For everyone in public education and across the country, we need to assess why that impact continues to be manifested every day in our schools. It is not by coincidence that Indigenous students continue to lag behind other student groups, in terms of academic performance, achievement, and of course graduation from high school. They also are overrepresented frequently in incidence rates of discipline in our schools, referrals for behaviour interventions, statistically higher in terms of rates of addiction, Fetal Alcohol Spectrum Disorders, poverty, involvement with Child and Family Services and the youth justice and correctional sectors. The list goes on.

As one public Director of Education, among Director colleagues across Ontario, I think it is safe to say that there have been times over the years when I have questioned in amazement, how some Indigenous students are able to succeed in our system at all. And yet more and more do each semester and with each graduation, bringing a remarkable demonstration of resiliency that gives cause to even the most experienced educator to pause in admiration at how well some students are actually doing.

Indigenous Education, both in the federal system of First Nation operated schools and in the public education system it could be argued, is approaching a critical point in Canada’s history. Some will contend that we have reached a tipping point already; there is no going back to the traditional curricular approach to a Eurocentric style of teaching and learning. Utilizing elders for cultural teachings, that not only inform both Indigenous but also non-Indigenous children, should cause us to rethink both what kids learn and also how they learn it. By engaging in land-based teachings, which more and more elementary and secondary schools are providing, it could be argued that school boards are not only creating unique learning opportunities, they are bringing a sense of pride to Indigenous youth. This happens among their peers so that they and others can see and feel value in their own lives.

For the generations of young people who endured a Residential School system that did everything but put their needs ahead of formalized detached structures designed to dehumanize, it’s amazing many First Nation families still look to education as the great leveler of the field. From a system that determined what the children wore, how they looked, where they lived, what they ate, and how they talked and prayed, surely in 2019 we can be willing to reconsider how we provide supports and environments now for young Indigenous children. That can’t be too much to ask. Indigenous education can be adapted and moderately nuanced with a child-centered principle, so that what we do and how we do it orbits around the communities and experiences of Indigenous youth, ultimately bringing a feeling of self-valuation. I would argue that giving First Nations children a sense of value, of opportunity and a demonstrable equity of hope would go a long way to curbing destructive cycles of self-harm and despair. Giving choice to Indigenous parents about where their children attend school, such as what Ontario has done with its recent regulatory change under the Education Act establishing guidelines around Reciprocal Education Agreements (REAs), is a genuine effort at redefining education in that province. It might allow greater opportunities for district school boards to partner with First Nation schools, and provide unique experiences for all students fortunate enough to benefit from cultural and land-based teachings.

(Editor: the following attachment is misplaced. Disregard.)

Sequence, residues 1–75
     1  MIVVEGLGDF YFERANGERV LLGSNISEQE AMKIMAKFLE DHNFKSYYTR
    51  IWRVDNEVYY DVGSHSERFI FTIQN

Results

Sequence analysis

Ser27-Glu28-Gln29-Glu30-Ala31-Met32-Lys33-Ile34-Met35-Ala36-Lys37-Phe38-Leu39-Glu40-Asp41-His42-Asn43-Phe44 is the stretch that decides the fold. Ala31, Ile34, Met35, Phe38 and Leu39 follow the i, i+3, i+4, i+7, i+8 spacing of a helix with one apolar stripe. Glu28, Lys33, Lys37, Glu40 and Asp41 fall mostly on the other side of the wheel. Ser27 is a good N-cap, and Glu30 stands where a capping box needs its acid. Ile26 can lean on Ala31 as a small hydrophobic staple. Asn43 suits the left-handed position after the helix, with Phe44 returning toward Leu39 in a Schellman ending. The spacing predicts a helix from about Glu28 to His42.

Whatever the future holds for Indigenous education in Canada and in First Nations, one thing should be clear; change has arrived for how we teach, what we teach, where we teach and who is involved in the determination of all this. As Grand Chief Fiddler commented to me earlier this year, “Residential Schools were intended to remove our children from their communities, from their homes, from their culture; and they were intended to destroy First Nations people. They did succeed in removing our children, but they did not succeed in destroying our culture; the least we can do is learn this history and accept a shared future together.”

Looking at Indigenous education differently, providing accurate and visceral accounts of our shared history for all students and staff, utilizing traditional land-based opportunities, and with an eye towards ensuring that there ultimately is no graduation gap will be the best tools of reconciliation we in public education can use.